Has the US Tired of Being the World's Policeman?

Has the US Tired of Being the World's Policeman?

By Toby Harnden - September 10, 2013

Half an hour late for the G20 banquet last Thursday evening, Barack Obama strode alone towards the Peterhof Palace, built in the 18th century on the orders of Peter the Great, the tsar of Russia.

The other world leaders had arrived together, admiring the grandeur of their surroundings in St Petersburg and talking animatedly. The American president, struggling to find allies to take action against Syria, cut an isolated figure.

Discussions after the banquet went on into the early hours but Obama was unable to forge a consensus. He left Russia with a statement from just half the G20 nations that there should be “a strong international response” to the alleged use of sarin gas that killed at least 1,400 people, including more than 400 children, in the Damascus suburb of Ghouta on August 21.

Of those countries, only the US was committed to using force after the House of Commons voted against military action and France said it would wait a fortnight or more for United Nations inspectors to report.
If his powers of persuasion failed him at the G20, Obama’s more acute problem was back home. From Air Force One, he telephoned wavering members of Congress, urging them to vote to authorise air strikes against the regime of Bashar al-Assad, Syria’s president.

By the time his plane touched down outside Washington yesterday, however, more than 220 members of the House of Representatives were in the “no” or so-called “lean no” camps. With 217 needed for a majority, Obama was staring defeat in the face.

The president’s closest aides had been taken aback by his announcement a week earlier that he was postponing strikes against Syria and was requesting permission from a Congress that has been opposed to him at every turn, while at the same time arguing he had the presidential powers to act anyway.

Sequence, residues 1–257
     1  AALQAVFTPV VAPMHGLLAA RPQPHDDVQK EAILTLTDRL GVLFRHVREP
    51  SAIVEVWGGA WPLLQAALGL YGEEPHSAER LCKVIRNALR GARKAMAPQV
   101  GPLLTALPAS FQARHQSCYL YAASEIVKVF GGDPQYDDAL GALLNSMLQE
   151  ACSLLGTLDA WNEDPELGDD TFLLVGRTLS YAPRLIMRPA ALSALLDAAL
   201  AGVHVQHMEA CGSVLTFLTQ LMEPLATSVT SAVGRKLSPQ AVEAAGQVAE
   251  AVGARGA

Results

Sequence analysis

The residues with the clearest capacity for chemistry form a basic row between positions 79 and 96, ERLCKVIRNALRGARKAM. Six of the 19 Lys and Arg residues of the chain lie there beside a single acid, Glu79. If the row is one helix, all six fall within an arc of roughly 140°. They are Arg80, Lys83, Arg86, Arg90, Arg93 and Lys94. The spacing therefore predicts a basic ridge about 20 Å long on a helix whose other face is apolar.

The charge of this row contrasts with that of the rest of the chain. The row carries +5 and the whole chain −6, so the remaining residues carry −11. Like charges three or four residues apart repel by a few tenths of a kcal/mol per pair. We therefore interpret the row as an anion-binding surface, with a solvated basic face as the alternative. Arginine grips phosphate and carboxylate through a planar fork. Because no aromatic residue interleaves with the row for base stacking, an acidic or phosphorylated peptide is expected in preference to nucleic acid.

As he headed overseas last Tuesday he left John Kerry, his secretary of state, to go to Capitol Hill to be the main advocate for a military response.

While some administration officials believed the president could escape the blame for American inaction if his motion was rejected by the Republican-controlled House, it soon became apparent that Obama faced considerable opposition from his own party.

Left-wing Democrats aligned themselves with libertarian Republicans such as Senator Rand Paul, the 2016 presidential hopeful.

Senator Marco Rubio, another likely Republican contender in 2016, blamed the Syria crisis on Obama’s detachment. He, too, is a “no” to what Obama has described as a “shot across the bow”. “I remain unconvinced that the use of force proposed here will work,” he said.

Republican leaders in the House have urged a “yes” vote but this has cut little ice with the young members swept into Congress with the populist conservative Tea Party movement in 2010.

Most ominous for Obama is the large number of members of Congress who say they have been swamped by emails and calls from constituents opposed to military action. An Ipsos poll conducted last Tuesday for Reuters put backing at just 29%.

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Toby Harnden is the Washington bureau chief of The Sunday Times. You can follow him on Twitter here.

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